Fort Discovery has a new live attraction.
The science center now offers a demonstration where patrons can watch several exotic species being fed.
They include Spot, a red-tail boa, which eats three live mice per feeding.
Joshua Bush, an interpreter at Fort Discovery, drops the mice into Spot's container with tongs. The snake catches and constricts the mice before swallowing them whole.
Red-tail boas are not venomous. Onlookers are allowed to touch the snake - when he's in a good mood, said Pam Schretzmann, another interpreter.
The collection of creatures also includes two leopard geckos: Popcorn and Crackerjack. Popcorn is albino, which makes it possible to see his internal organs.
"We get lots of Geico jokes," said Mrs. Schretzmann.
The other members of the animal menagerie are Fire and Ice, two Oriental Red-Bellied toads; Rosie, a Chilean Rose tarantula so fragile that the interpreters never handle it; and Queen, an emperor scorpion.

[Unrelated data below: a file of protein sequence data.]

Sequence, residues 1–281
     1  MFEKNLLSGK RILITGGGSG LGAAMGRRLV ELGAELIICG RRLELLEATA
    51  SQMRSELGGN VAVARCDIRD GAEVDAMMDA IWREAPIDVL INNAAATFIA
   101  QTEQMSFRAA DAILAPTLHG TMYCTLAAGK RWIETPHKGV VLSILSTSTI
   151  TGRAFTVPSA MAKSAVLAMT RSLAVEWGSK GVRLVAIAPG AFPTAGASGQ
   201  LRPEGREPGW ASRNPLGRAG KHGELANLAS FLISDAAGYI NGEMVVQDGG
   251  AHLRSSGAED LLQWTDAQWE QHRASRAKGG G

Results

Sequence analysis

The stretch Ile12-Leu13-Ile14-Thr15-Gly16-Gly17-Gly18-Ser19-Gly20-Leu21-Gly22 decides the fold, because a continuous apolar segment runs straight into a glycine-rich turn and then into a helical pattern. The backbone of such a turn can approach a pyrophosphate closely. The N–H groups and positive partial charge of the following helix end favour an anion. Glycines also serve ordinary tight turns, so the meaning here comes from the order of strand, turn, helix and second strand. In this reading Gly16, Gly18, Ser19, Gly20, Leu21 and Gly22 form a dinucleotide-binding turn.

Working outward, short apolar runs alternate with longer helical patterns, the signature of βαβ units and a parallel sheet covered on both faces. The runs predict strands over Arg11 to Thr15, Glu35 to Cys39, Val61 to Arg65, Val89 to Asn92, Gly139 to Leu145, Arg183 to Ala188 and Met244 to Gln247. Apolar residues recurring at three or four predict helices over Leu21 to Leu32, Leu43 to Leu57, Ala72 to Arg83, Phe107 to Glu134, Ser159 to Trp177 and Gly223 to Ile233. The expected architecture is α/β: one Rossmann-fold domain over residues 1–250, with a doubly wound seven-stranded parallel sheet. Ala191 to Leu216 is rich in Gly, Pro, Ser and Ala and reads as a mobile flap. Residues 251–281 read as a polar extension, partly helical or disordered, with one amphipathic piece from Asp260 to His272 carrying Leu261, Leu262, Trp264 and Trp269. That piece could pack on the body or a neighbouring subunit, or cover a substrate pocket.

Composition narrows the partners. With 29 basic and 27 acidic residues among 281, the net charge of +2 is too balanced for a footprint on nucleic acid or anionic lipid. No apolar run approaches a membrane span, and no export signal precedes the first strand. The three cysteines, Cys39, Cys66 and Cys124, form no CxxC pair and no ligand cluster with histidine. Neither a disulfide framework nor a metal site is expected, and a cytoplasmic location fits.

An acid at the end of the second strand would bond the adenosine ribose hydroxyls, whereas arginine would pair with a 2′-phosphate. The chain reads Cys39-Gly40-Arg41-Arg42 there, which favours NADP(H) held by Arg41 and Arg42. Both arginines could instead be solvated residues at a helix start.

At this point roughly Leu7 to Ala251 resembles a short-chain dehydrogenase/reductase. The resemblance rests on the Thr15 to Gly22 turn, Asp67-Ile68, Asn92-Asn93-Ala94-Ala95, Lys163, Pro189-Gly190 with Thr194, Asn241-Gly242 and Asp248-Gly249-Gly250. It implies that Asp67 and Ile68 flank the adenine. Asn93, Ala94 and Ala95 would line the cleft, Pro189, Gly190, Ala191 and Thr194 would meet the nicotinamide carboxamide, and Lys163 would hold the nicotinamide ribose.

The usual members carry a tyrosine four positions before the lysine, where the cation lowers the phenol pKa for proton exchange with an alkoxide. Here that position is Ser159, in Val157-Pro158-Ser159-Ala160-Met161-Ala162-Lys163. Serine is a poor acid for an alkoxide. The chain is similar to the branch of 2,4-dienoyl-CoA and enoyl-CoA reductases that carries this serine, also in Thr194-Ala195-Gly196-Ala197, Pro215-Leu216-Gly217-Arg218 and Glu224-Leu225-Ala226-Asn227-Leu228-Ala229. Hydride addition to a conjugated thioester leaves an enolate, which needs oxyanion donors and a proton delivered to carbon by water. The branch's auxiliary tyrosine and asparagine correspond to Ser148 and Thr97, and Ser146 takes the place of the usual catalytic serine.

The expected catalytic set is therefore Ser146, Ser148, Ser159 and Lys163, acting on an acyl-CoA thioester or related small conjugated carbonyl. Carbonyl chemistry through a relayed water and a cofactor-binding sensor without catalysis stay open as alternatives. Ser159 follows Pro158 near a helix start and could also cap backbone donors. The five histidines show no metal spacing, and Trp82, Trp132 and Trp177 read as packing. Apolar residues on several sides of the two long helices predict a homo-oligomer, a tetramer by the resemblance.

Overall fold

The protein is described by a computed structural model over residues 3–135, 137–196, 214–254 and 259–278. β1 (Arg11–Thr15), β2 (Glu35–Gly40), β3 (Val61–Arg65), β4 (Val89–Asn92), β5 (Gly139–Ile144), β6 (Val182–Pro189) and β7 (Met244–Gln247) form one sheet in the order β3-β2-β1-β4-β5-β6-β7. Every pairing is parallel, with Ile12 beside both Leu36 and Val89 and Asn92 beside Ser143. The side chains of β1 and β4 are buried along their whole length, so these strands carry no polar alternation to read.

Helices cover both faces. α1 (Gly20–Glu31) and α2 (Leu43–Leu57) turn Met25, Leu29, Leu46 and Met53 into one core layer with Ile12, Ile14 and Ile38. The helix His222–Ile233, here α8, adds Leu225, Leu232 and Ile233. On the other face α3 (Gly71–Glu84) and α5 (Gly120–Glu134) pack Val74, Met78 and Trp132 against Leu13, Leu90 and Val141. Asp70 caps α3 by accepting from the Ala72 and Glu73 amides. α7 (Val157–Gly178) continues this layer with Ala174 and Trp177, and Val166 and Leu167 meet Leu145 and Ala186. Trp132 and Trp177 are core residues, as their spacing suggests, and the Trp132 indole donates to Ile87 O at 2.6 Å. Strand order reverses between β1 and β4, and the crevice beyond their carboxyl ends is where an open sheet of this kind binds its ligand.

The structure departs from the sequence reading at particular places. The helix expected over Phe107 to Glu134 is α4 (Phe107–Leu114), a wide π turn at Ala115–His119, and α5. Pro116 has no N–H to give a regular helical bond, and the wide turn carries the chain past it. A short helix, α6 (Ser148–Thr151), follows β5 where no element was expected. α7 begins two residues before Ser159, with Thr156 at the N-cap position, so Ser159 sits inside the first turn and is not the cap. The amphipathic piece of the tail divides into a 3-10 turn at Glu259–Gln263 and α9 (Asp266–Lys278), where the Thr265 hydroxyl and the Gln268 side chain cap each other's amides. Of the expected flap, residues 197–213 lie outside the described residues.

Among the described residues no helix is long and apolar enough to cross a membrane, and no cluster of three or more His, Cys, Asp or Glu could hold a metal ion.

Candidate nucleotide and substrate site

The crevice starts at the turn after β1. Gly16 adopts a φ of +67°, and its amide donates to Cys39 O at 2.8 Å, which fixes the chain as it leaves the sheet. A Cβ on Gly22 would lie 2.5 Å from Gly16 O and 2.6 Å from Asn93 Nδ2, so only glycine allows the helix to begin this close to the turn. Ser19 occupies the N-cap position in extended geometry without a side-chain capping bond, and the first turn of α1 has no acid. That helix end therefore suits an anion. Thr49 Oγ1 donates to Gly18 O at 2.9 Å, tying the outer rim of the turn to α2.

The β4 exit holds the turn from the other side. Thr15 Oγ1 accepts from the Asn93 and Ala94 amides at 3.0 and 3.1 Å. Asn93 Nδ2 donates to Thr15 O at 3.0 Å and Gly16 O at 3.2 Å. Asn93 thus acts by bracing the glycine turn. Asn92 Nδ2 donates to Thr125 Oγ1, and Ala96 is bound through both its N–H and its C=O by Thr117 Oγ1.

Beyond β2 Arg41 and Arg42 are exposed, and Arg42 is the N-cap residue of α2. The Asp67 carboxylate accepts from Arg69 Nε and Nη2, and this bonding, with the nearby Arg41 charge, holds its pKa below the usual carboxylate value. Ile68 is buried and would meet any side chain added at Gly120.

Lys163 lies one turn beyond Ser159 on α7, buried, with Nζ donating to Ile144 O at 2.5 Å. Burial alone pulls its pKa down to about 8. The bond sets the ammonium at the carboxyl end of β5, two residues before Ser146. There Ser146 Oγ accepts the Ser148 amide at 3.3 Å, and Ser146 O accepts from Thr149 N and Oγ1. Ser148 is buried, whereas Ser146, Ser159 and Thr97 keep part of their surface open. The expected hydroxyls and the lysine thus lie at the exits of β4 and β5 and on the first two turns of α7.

Grasshoppers and mealworms are the food of choice for the smaller creatures.
With the exception of the scorpion, they didn't eat much during Wednesday's feeding.
On Sunday, thousands of grasshoppers were accidentally released in the science center. Once caught, they were put into the cages, and feasting ensued.
The animals came to Fort Discovery for use in the summer camp Jeepies it's the Creepies. Instead of studying the animals on a computer, the instructors used live subject matter.
"We wanted to do something different. Kids love critters," Mrs. Schretzmann said.
The interpreters said most people are terrified of snakes, scorpions and the like because of the way they are often portrayed in movies.
"These are creatures that people normally fear," Mr. Bush said.
"We wanted to teach people to respect them."
The Fort Discovery feedings happen at noon every Wednesday. The animals are brought out into the museum on other days when there are large groups.
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